In a recent Texas Supreme Court decision involving the case Allstate v. Irwin, the court ruled that attorney’s fees are recoverable in UM/UIM (uninsured motorist/underinsured motorist) cases if the plaintiff files a declaratory judgment action.
The issue stems from an April 6, 2016, car accident involving Daniel Irwin. Irwin sued Allstate, his insurance carrier, after the company offered $500 instead of the $50,000 that Irwin sought for his UIM policy limits. His lawsuit invoked the Uniform Declaratory Judgments Act (UDJA) and asked for a determination of damages from the accident, as well as a declaratory judgment allowing him to recover his UIM policy benefits plus attorney’s fees.
Irwin won his case in the trial court, with the jury awarding $498,960 in damages, including attorney’s fees. Allstate appealed, and the appeals court affirmed the trial court’s decision, claiming the UDJA was properly invoked.
In an appeal to the Texas Supreme Court, Allstate argued that Irwin was not entitled to attorney’s fees, because his use of the UDJA circumvented the decision in the Brainard case. In that decision, the Texas Supreme Court reversed the trial court’s decision in awarding attorney’s fees and determined that the insurance carrier did not have to pay those benefits until the insurer received a judgment that established the other motorist’s liability and underinsured status.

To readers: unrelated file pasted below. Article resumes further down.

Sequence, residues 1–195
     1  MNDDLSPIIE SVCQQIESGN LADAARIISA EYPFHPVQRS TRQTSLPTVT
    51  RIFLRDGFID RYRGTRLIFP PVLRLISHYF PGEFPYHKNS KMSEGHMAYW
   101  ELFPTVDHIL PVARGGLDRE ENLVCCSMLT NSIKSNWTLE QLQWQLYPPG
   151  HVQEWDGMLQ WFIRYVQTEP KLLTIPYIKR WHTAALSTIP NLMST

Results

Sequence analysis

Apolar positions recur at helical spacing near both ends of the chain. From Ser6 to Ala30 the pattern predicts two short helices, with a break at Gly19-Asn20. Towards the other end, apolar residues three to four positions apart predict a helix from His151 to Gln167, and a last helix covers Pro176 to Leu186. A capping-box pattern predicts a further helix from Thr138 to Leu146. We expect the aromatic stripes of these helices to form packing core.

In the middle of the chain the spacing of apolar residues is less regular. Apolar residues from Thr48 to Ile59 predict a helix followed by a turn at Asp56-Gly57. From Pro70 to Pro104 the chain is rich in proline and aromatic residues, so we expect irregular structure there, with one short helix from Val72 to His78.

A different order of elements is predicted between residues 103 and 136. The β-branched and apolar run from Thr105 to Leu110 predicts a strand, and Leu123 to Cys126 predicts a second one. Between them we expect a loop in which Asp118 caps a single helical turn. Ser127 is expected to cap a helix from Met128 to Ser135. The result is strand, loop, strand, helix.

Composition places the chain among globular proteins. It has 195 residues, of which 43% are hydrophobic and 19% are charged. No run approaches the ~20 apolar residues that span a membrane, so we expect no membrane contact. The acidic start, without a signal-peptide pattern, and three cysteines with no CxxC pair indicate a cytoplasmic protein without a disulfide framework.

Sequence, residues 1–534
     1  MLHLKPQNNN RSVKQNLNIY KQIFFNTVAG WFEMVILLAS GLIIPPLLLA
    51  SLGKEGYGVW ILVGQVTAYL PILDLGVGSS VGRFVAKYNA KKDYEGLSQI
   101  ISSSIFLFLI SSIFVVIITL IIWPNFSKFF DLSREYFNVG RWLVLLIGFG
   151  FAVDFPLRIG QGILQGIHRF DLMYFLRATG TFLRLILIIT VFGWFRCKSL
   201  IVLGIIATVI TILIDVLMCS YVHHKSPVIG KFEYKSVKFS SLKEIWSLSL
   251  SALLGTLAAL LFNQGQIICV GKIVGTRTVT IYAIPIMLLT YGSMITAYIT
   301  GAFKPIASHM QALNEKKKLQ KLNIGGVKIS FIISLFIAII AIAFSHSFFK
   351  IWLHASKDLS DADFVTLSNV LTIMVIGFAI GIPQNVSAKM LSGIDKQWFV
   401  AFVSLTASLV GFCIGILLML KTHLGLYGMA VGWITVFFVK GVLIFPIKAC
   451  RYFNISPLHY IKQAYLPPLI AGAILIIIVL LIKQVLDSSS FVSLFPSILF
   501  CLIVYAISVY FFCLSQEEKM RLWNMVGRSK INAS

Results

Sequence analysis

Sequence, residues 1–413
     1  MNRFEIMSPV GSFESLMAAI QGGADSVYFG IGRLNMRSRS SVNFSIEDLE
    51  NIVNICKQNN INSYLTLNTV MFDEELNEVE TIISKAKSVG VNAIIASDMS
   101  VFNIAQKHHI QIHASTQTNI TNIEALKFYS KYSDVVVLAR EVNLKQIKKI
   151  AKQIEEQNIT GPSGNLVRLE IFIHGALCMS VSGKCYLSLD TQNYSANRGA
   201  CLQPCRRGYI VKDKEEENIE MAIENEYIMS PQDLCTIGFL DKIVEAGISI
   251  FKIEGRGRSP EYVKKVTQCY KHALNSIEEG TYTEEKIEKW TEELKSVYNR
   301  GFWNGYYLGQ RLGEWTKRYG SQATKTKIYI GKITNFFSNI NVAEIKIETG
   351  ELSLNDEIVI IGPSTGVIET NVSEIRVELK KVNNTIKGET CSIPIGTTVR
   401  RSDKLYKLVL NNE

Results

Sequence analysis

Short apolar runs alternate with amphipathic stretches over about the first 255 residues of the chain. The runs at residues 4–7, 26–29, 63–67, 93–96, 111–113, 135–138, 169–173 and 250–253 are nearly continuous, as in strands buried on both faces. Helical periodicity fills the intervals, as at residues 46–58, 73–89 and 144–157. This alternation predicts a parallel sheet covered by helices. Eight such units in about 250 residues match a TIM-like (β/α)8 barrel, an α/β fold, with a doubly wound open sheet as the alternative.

Allstate also argued that Irwin was not entitled to attorney’s fees based on the court’s decision in the MBM Financial case, in which the court determined a person could not tack a declaratory judgment onto a breach-of-contract claim and recover attorney’s fees.
The Texas Supreme Court rejected Allstate’s arguments, saying the circumstances did not match the Brainard and MBM Financial cases, because Irwin sought a declaration of rights prior to any breach-of-contract claim or attorney’s-fees claim, and Irwin did not request to add a declaratory judgment to a breach-of-contract claim.
The court also determined that a trial court can enter a declaratory judgment if it serves a purpose and ends the controversy between both sides.
The Texas Supreme Court ruled that the UDJA served its purpose in this case, as the litigation was about the insurance contract and not about a breach of contract.
The case is Allstate Insurance Company v. Daniel Wes Irwin, No.19-0885, IN THE SUPREME COURT OF TEXAS.